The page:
1st Edition

Intelligent Design and Religion as a Natural Phenomenon Volume V

Edited By John S. Wilkins Copyright 2010

    Over the past decade a strident public debate has arisen about the nature and origin of religions. Controversies include how exactly religion evolved, whether by individual or group selection, if it is adaptive, and if not, whether and how it is a side effect of evolution. This volume focuses on the issue of naturalizing religion: on the ways in which cognitive science and social sciences have treated religion as a natural phenomenon. It questions whether religious behaviour, institutions, and experiences can be explained in natural terms. The editor brings together some of the best published work on the definition of 'religion', intelligent design and the evolution of religion.

    Contents: Introduction; Part I Adaptation: The cognitive and evolutionary psychology of religion, Joseph Bulbulia; A scientific definition of religion, James W. Dow; Are there any religions? An evolutionary exploration, Joseph Bulbulia; Why religion is nothing special but is central, Maurice Bloch. Part II Naturalization of Religion: The evolution of religion: 3 anthropological approaches, James W. Dow; Religion generalized and naturalized, Loyal Rue; Testing major evolutionary hypotheses about religion with a random sample, David Sloan Wilson; Exploring resources of naturalism: religiopoiesis, Ursula Goodenough; Myths as instructions from ancestors: the example of Oedipus, Lyle B Steadman and Craig T. Palmer. Part III Cognitive Science and Religion: A cognitive typology of religious actions, Justin L. Barrett and Brian Malley; Explaining religious ideas: elements of a cognitive approach, Pascal Boyer; Are children 'intuitive theists'? Reasoning about purpose and design in nature, Deborah Kelemen; Whence collective rituals? A cultural selection model of ritualized behavior, Pierre Liénard and Pascal Boyer; God, genes, and cognizing agents, Gregory R. Peterson; 'O Lord...you perceive my thoughts from afar': recursiveness and the evolution of supernatural agency, Jesse M. Bering and Dominic D.P. Johnson. Part IV Sociocultural Accounts: God is watching you: priming God concepts increases prosocial behavior in an anonymous economic game, Azim F. Shariff and Ara Norenzayan; The capacity for religious experience is an evolutionary adaptation to warfare, Allen D. MacNeill; Ritual, emotion, and sacred symbols, Candace S. Alcorta and Richard Sosis. Part V Intelligent Design: Intelligent design: the original version, Francisco J. Ayala; Intelligent design and probability reasoning, Elliott Sober; The intelligent-design movement: science or ideology? Gregory R. Peterson; The advantages of theft over toil: the design inference and arguing from ignorance, John S. Wilkins and Wesley R. Elsberry. Part VI Outcomes and Implications: Evolution and the meaning of life, William Grey; The possibility of meaning in human evolution, Barbara Forrest; Is the spell really broken? Bio-psychological explanations of religion and theistic belief, Justin L. Barrett; How firm a foundation? A response to Justin L Barrett's 'Is the spell really broken?', Howard J. Van Till; Name index.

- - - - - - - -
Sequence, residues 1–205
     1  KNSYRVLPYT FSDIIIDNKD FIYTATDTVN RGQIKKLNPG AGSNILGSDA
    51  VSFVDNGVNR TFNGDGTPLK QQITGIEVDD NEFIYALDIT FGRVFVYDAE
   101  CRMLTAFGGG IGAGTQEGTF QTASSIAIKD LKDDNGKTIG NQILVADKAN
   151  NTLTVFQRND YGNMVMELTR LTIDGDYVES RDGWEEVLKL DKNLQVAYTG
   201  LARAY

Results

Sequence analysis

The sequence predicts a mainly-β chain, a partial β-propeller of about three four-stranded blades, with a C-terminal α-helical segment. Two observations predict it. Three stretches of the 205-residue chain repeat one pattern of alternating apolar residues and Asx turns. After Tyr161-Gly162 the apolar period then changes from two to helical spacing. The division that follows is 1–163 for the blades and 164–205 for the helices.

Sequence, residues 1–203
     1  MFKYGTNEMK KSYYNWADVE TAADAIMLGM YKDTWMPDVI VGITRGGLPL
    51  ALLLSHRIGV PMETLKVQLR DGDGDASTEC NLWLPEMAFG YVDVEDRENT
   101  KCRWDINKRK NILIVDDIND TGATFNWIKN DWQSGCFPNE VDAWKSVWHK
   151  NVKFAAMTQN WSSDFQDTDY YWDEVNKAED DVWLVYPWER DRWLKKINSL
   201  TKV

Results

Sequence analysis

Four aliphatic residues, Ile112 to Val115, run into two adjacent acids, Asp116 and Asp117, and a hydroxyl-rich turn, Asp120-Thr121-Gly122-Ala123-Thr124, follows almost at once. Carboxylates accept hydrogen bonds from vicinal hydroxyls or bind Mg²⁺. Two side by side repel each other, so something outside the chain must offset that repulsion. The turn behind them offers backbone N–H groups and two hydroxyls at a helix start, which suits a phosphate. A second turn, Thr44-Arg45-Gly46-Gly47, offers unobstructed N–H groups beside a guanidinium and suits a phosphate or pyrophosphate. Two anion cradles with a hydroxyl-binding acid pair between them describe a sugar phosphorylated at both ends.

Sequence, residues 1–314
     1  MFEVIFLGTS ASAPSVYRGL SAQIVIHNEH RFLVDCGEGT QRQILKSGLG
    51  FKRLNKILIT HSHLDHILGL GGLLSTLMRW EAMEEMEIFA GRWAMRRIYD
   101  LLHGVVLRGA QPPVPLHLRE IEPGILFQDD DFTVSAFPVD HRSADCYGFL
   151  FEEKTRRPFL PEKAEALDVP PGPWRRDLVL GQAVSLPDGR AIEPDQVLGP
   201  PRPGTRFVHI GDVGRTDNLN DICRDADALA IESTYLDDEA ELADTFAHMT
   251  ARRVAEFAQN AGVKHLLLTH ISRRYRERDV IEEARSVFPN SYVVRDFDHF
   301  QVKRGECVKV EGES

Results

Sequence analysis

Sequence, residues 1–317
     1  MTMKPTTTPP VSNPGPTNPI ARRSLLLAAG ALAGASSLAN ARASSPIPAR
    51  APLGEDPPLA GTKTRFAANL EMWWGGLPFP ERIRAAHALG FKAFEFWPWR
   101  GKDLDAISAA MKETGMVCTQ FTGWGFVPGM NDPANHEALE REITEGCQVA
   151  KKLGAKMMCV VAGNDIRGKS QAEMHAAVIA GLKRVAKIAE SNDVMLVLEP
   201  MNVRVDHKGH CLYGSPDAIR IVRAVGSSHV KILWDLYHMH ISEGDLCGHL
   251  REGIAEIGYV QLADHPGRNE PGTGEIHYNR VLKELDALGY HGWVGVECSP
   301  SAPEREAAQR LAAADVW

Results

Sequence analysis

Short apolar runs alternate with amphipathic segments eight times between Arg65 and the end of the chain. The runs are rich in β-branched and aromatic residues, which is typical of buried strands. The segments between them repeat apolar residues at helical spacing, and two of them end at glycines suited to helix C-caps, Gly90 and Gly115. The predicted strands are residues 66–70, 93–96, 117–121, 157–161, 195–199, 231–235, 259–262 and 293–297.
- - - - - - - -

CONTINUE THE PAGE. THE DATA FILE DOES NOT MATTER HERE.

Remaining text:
John S.Wilkins, Department of Philosophy, University of Sydney, Australia